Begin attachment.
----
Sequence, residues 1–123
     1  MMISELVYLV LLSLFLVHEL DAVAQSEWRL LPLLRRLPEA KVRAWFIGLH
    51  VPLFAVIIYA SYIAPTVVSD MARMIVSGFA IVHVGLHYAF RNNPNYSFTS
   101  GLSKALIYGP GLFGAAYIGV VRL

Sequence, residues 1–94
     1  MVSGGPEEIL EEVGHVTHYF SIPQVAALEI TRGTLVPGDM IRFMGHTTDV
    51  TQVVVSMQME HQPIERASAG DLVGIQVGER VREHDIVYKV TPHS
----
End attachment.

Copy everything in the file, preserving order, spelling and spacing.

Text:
Sequence, residues 1–123
     1  MMISELVYLV LLSLFLVHEL DAVAQSEWRL LPLLRRLPEA KVRAWFIGLH
    51  VPLFAVIIYA SYIAPTVVSD MARMIVSGFA IVHVGLHYAF RNNPNYSFTS
   101  GLSKALIYGP GLFGAAYIGV VRL

Sequence, residues 1–94
     1  MVSGGPEEIL EEVGHVTHYF SIPQVAALEI TRGTLVPGDM IRFMGHTTDV
    51  TQVVVSMQME HQPIERASAG DLVGIQVGER VREHDIVYKV TPHS